Part I. Section I. Chapter 12. “Of Square Roots, and of Irrational Numbers resulting from them.”

123 What we have said in the preceding chapter amounts to this ; that the square root of a given number is that number whose square is equal to the given number; and that we may put before those roots either the positive, or the negative sign.

124 So that when a square number is given, provided we retain in our memory a sufficient number of square numbers, it is easy to find its root. If 196, for example, be the given number, we know that its square root is 14.

Fractions, likewise, are easily managed in the same way. It is evident, for example, that ⁵⁄₇ is the square root of ²⁵⁄₄₉; to be convinced of which, we have only to take the square root of the numerator and that of the denominator.

If the number proposed be a mixed number, as 12¼, we reduce it to a single fraction, which, in this case, will be ⁴⁹⁄₄; and from this we immediately perceive that ⁷⁄₂, or 3½, must be the square root of 12¼.

125 But when the given number is not a square, as 12, for example, it is not possible to extract its square root ; or to find a number, which, multiplied by itself, will give the product 12. We know, however, that the square root of 12 must be greater than 3, because 3 · 3 produces only 9; and less than 4, because 4 · 4 produces 16, which is more than 12; we know also, that this root is less than 3½, for we have seen that the square of 3½, or ⁷⁄₂, is 12¼; and we may approach still nearer to this root, by comparing it with 3⁷⁄₁₅; for the square of 3⁷⁄₁₅, or of ⁵²⁄₁₅, is ²⁷⁰⁴⁄₂₂₅, or 12⁴⁄₂₂₅; so that this fraction is still greater than the root required, though but very little so, as the difference of the two squarcs is only ⁴⁄₂₂₅.

126 We may suppose that as 3½ and 3⁷⁄₁₅ are numbers greater than the root of 12, it might be possible to add to 3 a fraction a little less than ⁷⁄₁₅, and precisely such, that the square of the sum would be equal to 12.

Let us therefore try with 3³⁄₇, since ³⁄₇ is a little less than ⁷⁄₁₅. Now 3³⁄₇ is equal to ²⁴⁄₇, the square of which is ⁵⁷⁶⁄₄₉, and consequently less by ¹²⁄₄₉ than 12, which may be expressed by ⁵⁸⁸⁄₄₉. It is, therefore, proved that 3³⁄₇ is less, and that 3⁷⁄₁₅ is greater than the root required. Let us then try a number a little greater than 3³⁄₇, but yet less than 3⁷⁄₁₅; for example, 3⁵⁄₁₁; this number, which is equal to ³⁸⁄₁₁, has for its square ¹⁴⁴⁴⁄₁₂₁; and by reducing 12 to this denominator, we obtain ¹⁴⁵²⁄₁₂₁ which shows that 3⁵⁄₁₁ is still less than the root of 12, namely by ⁸⁄₁₂₁; let us therefore substitute for ⁵⁄₁₁ the fraction ⁶⁄₁₃, which is a little greater, and see what will be the result of the comparison of the square of 3⁶⁄₁₃, with the proposed number 12. Here the square of 3⁶⁄₁₃ is ²⁰²⁵⁄₁₆₉; and 12 reduced to the same denominator is ²⁰²⁸⁄₁₆₉; so that 3⁶⁄₁₃ is still too small, though only by ³⁄₁₆₉, whilst 3⁷⁄₁₅ has been found too great.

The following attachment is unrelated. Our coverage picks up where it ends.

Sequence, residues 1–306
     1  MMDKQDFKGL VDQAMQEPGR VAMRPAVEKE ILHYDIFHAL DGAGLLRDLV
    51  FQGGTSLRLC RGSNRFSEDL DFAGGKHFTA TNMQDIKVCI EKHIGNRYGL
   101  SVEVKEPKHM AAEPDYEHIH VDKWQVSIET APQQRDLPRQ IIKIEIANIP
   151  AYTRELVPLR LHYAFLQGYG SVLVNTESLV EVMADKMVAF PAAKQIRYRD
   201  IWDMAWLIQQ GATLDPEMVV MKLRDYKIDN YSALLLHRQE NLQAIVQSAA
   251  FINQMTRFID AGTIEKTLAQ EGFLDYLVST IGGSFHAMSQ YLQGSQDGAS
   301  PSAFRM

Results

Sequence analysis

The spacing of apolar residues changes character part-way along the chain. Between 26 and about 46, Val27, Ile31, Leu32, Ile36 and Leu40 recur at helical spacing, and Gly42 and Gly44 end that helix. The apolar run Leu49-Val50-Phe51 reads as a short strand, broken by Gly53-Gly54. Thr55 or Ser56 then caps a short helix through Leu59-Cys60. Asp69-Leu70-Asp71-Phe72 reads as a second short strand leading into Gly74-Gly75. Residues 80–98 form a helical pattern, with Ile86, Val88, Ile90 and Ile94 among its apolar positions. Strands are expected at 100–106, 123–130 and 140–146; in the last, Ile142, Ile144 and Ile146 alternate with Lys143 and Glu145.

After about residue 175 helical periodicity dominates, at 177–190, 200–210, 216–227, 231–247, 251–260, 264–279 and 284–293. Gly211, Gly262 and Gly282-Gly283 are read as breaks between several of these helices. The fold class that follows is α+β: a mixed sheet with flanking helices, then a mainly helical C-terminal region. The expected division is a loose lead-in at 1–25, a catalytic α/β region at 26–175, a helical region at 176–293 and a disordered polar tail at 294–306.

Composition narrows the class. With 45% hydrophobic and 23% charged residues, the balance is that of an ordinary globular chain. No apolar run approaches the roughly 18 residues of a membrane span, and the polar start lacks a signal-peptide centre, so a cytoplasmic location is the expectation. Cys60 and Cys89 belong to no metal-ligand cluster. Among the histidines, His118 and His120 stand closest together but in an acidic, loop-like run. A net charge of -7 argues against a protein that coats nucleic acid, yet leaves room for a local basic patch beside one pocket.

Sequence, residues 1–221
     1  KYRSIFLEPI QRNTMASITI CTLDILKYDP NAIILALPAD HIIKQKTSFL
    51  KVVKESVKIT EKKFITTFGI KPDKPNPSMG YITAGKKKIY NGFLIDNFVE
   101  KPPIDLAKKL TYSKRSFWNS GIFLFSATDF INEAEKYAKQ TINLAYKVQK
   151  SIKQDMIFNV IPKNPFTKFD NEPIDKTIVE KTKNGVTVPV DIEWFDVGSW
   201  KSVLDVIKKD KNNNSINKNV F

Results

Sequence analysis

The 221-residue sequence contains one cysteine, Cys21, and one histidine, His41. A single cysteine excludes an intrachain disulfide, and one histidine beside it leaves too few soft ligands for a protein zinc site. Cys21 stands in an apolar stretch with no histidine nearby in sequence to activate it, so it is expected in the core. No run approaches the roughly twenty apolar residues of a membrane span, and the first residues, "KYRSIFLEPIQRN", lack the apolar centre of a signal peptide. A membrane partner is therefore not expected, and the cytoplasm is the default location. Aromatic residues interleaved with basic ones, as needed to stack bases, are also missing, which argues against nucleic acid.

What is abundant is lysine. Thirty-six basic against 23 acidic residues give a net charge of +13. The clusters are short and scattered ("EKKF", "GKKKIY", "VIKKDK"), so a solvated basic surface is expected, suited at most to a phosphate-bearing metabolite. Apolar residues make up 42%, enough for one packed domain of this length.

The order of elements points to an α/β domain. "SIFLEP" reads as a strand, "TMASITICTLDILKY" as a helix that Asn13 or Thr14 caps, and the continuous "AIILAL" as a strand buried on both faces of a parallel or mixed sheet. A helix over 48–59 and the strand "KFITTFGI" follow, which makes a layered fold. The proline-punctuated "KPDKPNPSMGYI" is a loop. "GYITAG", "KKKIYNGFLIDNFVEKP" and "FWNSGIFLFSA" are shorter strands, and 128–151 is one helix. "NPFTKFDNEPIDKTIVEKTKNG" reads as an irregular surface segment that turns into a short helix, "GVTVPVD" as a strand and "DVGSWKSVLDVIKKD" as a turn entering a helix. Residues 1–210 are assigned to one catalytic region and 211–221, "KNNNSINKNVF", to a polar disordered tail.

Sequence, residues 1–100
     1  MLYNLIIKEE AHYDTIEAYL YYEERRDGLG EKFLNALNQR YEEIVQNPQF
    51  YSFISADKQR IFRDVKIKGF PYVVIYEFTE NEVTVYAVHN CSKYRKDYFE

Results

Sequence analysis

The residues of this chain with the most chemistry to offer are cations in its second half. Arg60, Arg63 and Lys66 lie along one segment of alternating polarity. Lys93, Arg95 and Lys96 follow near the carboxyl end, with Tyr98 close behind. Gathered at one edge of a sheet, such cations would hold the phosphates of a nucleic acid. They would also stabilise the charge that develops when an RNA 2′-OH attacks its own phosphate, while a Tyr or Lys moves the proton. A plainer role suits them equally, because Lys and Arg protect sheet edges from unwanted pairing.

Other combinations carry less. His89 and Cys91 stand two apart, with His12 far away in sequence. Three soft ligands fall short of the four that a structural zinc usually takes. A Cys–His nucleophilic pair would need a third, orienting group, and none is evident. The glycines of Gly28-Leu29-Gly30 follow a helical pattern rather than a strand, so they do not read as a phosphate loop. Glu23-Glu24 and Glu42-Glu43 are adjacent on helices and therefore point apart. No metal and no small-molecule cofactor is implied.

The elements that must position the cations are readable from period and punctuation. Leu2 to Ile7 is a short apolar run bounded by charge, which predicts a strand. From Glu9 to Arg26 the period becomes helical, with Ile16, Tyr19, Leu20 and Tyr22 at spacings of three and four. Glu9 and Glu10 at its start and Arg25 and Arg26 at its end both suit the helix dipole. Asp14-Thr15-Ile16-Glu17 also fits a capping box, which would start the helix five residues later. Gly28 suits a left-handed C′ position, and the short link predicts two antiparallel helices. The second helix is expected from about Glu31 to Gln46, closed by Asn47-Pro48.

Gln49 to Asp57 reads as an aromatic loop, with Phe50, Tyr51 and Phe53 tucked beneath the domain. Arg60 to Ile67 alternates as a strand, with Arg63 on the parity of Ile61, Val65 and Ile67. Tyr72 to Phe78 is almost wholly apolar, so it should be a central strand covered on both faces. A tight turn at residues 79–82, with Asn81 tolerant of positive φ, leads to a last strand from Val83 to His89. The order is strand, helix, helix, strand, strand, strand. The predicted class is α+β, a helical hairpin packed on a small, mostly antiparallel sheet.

127 It is evident, therefore, that whatever fraction is joined to 3, the square of that sum must always contain a fraction, and can never be exactly equal to the integer 12. Thus, although we know that the square root of 12 is greater than 3⁶⁄₁₃, and less than 3⁷⁄₁₅, yet we are unable to assign an intermediate fraction between these two, which, at the same time, if added to 3, would express exactly the square root of 12; but notwithstanding this, we are not to assert that the square root of 12 is absolutely and in itself indeterminate: it only follows from what has been said, that this root, though it necessarily has a determinate magnitude, cannot be expressed by fractions.

128 There is therefore a sort of numbers, which cannot be assigned by fractions, but which are nevertheless determinate quantities; as, for instance, the square root of 12: and we call this new species of numbers, irrational numbers. They occur whenever we endeavour to find the square root of a number which is not a square; thus, 2 not being a perfect square, the square root of 2, or the number which, multiplied by itself, would produce 2, is an irrational quantity. These numbers are also called surd quantities, or incommensurables.

129 These irrational quantities, though they cannot be expressed by fractions, are nevertheless magnitudes of which we may form an accurate idea; since, however concealed the square root of 12, for example, may appear, we are not ignorant that it must be a number, which, when multiplied by itself, would exactly produce 12; and this property is sufficient to give us an idea of the number, because it is in our power to approximate towards its value continually.